You hear a lot when you work as a journalist. A lot of it is run of the mill stuff - stories you write and in the course of a busy week, month or year you tend to forget about.
Some things stay with you. I never knew Jean Quigley. I’d never met her. She didn’t factor on my radar at all until we heard of her murder. But her face, and the image of the man who so violently took her life has stayed with me ever since. Her story was not just “another day at the office”. I think it would be fair to say that what happened to Jean and to her family affected every journalist and every decent minded person in this city. It has stayed with us - and I’m sure I am not the only one who internally cheered with joy on Monday when Stephen Cahoon was finally convicted of her murder and sentenced to life imprisonment.
A journalist is supposed to maintain a certain impartiality; I have no such impartiality when it comes to describing Stephen Cahoon. When sentencing on Monday Mr Justice Barry White described him as a “danger to society in general and to women in particular”.
I’d go one step further. Stephen Cahoon - a man who choked the life from a pregnant woman - is evil. For those unaware of his previous record, he left teenager Lynne McGall for dead in a field, beating her so savagely that she was unrecognisable. He later beat his girlfriend Samantha Brown, the mother of his child, so savagely that she feared for her life. Recalling how he beat her with a belt, Samantha said: “I know I wouldn’t be here today if the belt hadn’t snapped.”
For these crimes, Cahoon was sentenced to a total of just 5 years and three months - a term later reduced. I’ve looked at the pictures of Lynne McGall after her attack. I’ve read the statements of Samantha Brown and I wonder how in any just world that sentence was fit? Surely the sentence he received should have been longer - surely there should have been more checks placed on this monster? Is it not the case that if the authorities in this country took the issue of violence against women seriously, Jean Quigley may still be here today? That her children would still have their mother? Her mother would still have her daughter and a community would not be scarred by the terrible events of July 26, 2008?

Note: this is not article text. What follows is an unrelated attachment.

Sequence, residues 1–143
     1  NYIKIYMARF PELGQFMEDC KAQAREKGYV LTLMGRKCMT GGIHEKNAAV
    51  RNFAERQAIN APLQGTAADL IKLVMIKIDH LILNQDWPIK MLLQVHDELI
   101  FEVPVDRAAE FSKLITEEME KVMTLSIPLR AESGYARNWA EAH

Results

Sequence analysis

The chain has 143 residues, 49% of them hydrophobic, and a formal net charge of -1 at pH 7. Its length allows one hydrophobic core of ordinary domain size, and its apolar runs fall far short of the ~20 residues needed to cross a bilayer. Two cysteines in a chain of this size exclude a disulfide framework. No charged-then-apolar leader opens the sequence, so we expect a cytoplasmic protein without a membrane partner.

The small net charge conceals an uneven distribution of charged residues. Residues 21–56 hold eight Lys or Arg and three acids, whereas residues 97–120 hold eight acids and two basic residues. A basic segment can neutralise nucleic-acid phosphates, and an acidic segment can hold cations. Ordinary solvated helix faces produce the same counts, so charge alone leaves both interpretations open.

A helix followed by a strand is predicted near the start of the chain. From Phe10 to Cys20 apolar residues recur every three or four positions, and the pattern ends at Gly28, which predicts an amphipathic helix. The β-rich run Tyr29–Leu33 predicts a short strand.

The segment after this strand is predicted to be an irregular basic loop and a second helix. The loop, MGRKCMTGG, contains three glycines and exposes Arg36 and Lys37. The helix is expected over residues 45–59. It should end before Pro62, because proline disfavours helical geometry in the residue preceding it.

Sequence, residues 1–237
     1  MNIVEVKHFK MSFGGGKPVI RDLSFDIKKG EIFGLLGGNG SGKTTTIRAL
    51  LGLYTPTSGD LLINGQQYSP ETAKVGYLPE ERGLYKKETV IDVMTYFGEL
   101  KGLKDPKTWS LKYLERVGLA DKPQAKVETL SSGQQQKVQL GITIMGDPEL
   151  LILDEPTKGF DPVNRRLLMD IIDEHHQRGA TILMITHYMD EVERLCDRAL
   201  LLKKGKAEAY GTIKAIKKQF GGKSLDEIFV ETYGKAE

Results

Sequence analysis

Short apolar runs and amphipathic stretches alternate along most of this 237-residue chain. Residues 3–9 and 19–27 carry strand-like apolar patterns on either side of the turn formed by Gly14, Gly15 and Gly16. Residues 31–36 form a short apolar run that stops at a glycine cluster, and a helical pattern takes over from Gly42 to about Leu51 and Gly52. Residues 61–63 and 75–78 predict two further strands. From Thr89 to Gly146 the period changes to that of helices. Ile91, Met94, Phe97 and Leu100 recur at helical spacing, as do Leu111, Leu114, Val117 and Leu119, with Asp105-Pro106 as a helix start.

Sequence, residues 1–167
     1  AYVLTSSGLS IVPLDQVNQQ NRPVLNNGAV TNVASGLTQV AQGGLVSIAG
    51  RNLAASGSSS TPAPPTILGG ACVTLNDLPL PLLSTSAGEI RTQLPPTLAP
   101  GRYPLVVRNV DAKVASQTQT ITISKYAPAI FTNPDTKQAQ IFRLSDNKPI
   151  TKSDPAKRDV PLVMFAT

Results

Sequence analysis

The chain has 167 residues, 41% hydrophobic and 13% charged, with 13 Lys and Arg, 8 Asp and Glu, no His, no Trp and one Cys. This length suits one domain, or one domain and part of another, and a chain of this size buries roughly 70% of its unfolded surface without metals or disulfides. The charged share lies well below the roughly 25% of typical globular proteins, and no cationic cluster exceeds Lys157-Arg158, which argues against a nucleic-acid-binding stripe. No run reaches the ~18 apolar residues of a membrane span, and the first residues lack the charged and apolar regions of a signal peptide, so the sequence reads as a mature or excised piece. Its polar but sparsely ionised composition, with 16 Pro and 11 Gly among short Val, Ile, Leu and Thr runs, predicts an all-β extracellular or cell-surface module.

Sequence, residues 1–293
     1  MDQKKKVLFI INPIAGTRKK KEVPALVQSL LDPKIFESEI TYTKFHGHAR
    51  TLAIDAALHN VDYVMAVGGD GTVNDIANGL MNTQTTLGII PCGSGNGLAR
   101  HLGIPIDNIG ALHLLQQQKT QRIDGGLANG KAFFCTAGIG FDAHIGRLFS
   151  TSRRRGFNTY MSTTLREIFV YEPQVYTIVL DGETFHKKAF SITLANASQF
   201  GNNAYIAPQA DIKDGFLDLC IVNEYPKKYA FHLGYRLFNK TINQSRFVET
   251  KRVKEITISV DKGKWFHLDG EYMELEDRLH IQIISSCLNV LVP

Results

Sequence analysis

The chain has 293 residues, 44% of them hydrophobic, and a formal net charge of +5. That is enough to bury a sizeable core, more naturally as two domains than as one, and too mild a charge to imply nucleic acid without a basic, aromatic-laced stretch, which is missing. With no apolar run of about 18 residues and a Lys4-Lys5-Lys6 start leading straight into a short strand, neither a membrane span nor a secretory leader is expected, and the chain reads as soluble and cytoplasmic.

Cahoon argued in court that he did not mean to kill Jean. He attested that he was not guilty of her murder - but guilty instead of manslaughter. He told the jury that he “saw red” after Jean told him she would abort his baby. He told the jury her injuries - and they were severe, bruising which indicated she had been restrained, marks on her body which indicated she had been tortured - were down to her sexual preferences. He did not allow Jean dignity in life and he stripped her of all dignity in death.
Those who know Jean know she would never have contemplated an abortion. Those who know her would tell you she was a dedicated mother, a genuinely “nice girl” - the kind of woman you would want to sit and chat with over a cuppa. Those who know her have had to listen to Cahoon tear her character apart in a desperate, pathetic attempt to save his own sick and sorry skin. He did not care about what hurt he caused her, her family or anyone close to her by killing her and by following up this crime by layering tissue of lies over tissue of lies. He was, and is, essentially a coward.
To read or hear the evidence heard by the jury at his trial in Dublin was disturbing. Police in Derry, in an emotive statement released immediately after the murder conviction on Monday, said she suffered “an horrendous death at Cahoon’s hands”.
They added: “He (Cahoon) is a dangerous sexual predator with a history of violence against women. He deserves to stay behind bars for a very long time.”
It is a shame - a very real shame - those words were not used when he was convicted of the assaults against Lynne McGall and Samantha Brown. It is a shame - a criminal shame - that violence of such an horrendous level against women attracts such short sentences that just eight years after those convictions he was free to worm his way into Jean’s life, to abuse her, to hurt her, to scare her and to murder her. One cannot begin to imagine what went through her head on the night of her death. How she would have feared for herself, and the life of her unborn baby, how she must have thought of her children, her mother, her friends. How she must have experienced a living hell.
Cahoon has been sentenced to life - no one knows what that may mean in real terms. My only hope is that he is never, ever allowed to be given the chance to inflict such pain and suffering on anyone else ever again.
Life should in this instance mean life and those with the power to make judicial changes should look long and hard at how offenders such as him ever find themselves on the streets again.
At this time, all our thoughts must be with the Quigley family and those who finally have some form of justice for Jean, who said with such dignity on Monday: “The family will take our time to move on together, but our Jean is still missing.”